The Pittsburgh Penguins and the Philadelphia Flyers have a home-and-home series this weekend in what is sure to be two hard-fought games between these heated divisional rivals. It is a rivalry that has spanned decades, starting back when the two teams entered the National Hockey League (NHL) in 1967. The rivalry, dubbed “The Battle of Pennsylvania”, splits the state in half whenever the two teams meet. The eastern half consists mostly of Flyer fans, while the western half is occupied mostly by the black and gold jerseys of Pittsburgh fans. The rivalry is renewed and reignited this weekend with additional fire behind it, as the Flyers attempt to grab a hold of a divisional playoff spot, only one point behind the New York Rangers and the Columbus Blue Jackets. Pittsburgh holds the number one spot in the Metropolitan division and would love nothing more than to be the ones that keep their rivals out of the playoffs.
The Battle of Pennsylvania did not start out as much of a battle. In fact, “beatdown” would have probably been a more appropriate terminology. When both teams first entered the league in the late 60s, they quickly found themselves on opposite ends of the standings. The Flyers thoroughly manhandled the league, winning the Stanley Cup in both the 73-74 season and the 74-75 season. The Penguins, on the other hand, became the league’s doormat, barely finishing out of the basement of the standings until the mid 80s. The rivalry was almost completely one-sided, as Pittsburgh went on a 42-game winless streak against the Flyers in their home arena, the Spectrum.
The fates of the two teams flipped when the Penguins drafted legendary forward Mario Lemieux in the 1984 NHL Entry Draft. A combination of speed, size and skill, Lemieux quickly became the saving grace for a struggling Pittsburgh franchise, who had been surrounded by rumors of relocation for years. The forward led his team to the playoffs in 1989, where the Penguins and the Flyers met in the playoffs for the first time. The series went to seven games, ending in a Flyers victory, but it was this series that provided a spark to dying rivalry. Pittsburgh would grow into a powerhouse team over the following years, acquiring superstar talent to surround Lemieux. The Flyers would acquire a superstar of their own, Eric Lindros, whose hard-nose style exemplerated the style of the Flyers at the time. It also caused Lindros to become the poster boy for a growing concussion issue in the NHL.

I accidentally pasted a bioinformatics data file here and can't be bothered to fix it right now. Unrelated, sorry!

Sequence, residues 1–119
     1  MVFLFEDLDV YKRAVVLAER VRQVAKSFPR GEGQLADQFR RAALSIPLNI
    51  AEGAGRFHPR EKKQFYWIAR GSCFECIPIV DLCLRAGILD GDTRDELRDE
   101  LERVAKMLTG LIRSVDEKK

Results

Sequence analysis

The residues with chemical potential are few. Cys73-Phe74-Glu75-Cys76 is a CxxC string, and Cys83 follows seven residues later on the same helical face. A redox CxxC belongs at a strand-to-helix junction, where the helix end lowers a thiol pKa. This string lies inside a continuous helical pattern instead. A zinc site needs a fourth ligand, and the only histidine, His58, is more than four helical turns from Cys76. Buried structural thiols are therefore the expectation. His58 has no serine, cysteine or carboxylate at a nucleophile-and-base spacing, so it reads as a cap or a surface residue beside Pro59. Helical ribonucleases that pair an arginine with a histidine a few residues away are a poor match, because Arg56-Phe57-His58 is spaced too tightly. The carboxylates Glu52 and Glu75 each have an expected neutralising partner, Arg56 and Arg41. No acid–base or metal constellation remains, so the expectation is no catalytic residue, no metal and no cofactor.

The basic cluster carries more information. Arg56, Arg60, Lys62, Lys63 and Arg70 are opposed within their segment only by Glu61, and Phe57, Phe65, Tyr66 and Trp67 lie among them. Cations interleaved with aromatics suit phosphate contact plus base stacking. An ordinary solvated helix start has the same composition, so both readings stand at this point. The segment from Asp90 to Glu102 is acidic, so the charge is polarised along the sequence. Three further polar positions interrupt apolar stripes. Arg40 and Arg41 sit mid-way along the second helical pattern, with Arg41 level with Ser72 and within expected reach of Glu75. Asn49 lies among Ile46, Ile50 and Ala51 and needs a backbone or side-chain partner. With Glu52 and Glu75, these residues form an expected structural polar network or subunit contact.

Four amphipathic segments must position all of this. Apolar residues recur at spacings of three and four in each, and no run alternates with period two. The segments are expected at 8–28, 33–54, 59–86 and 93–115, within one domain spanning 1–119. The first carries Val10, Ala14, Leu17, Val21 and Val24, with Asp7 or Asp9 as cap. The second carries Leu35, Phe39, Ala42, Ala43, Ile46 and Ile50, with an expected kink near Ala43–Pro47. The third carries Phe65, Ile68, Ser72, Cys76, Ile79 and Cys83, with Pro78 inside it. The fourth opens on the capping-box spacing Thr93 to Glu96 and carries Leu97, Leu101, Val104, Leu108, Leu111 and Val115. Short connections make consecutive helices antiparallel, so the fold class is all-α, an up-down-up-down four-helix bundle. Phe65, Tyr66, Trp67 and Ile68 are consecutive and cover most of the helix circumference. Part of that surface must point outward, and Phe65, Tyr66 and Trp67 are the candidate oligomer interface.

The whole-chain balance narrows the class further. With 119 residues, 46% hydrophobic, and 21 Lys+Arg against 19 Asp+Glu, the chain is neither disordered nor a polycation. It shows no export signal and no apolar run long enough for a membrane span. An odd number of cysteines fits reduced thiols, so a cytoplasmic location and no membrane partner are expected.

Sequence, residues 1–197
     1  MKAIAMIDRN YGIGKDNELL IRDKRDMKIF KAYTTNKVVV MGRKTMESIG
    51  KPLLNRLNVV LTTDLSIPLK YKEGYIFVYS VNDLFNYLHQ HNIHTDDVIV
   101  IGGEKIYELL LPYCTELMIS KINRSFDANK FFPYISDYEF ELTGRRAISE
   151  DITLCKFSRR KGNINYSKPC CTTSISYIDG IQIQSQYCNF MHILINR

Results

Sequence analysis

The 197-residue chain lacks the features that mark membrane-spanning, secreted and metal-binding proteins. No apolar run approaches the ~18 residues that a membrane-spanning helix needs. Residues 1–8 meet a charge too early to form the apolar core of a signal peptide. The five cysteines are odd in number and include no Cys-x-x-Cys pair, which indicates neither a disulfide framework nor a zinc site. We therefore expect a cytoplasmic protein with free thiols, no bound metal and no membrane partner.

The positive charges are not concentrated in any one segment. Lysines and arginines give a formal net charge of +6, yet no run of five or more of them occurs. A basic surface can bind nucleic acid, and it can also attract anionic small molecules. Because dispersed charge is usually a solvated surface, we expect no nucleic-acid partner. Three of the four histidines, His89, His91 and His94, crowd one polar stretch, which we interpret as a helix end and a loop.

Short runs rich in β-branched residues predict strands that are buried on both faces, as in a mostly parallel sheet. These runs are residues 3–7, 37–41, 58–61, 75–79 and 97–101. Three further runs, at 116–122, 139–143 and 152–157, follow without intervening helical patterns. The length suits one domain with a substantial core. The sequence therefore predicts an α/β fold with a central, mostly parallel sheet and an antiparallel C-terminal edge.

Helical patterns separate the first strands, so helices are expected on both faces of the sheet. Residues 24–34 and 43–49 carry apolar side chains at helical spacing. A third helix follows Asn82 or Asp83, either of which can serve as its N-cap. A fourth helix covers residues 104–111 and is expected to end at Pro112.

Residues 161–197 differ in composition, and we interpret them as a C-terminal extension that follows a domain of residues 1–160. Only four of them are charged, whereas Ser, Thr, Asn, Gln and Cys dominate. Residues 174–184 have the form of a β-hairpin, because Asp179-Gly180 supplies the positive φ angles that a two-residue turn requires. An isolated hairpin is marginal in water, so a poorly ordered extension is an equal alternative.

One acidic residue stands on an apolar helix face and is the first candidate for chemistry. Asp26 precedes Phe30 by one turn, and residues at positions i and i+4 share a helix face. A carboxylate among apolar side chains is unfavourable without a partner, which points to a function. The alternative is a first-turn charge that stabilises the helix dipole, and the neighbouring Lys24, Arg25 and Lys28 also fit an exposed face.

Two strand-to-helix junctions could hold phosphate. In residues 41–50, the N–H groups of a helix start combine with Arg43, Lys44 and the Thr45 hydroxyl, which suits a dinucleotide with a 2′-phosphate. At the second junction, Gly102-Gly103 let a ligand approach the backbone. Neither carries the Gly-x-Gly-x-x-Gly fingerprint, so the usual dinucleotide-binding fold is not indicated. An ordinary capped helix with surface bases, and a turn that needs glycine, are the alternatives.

Led by Lemieux, Pittsburgh would win the Stanley Cup in 1991 and 1992 and looked well on their way to a third when tragedy struck. Lemieux announced on January 12, 1993 that he had been diagnosed with Hodgkin’s lymphoma, a type of cancer that required high dose radiation treatment. He put his career on hold to receive the treatment, returning to the game two months later. On the last day of his treatments, he suited up to join the Penguins in a match against the Philadelphia Flyers. Before the game, he received a standing ovation from the Flyers faithful, putting the rivalry aside, at least for that moment. When Lemieux announced his retirement after a playoff series loss to the same Flyers in the 1997 Eastern Conference Quarterfinals, he again received a standing ovation from the Philadelphia home crowd.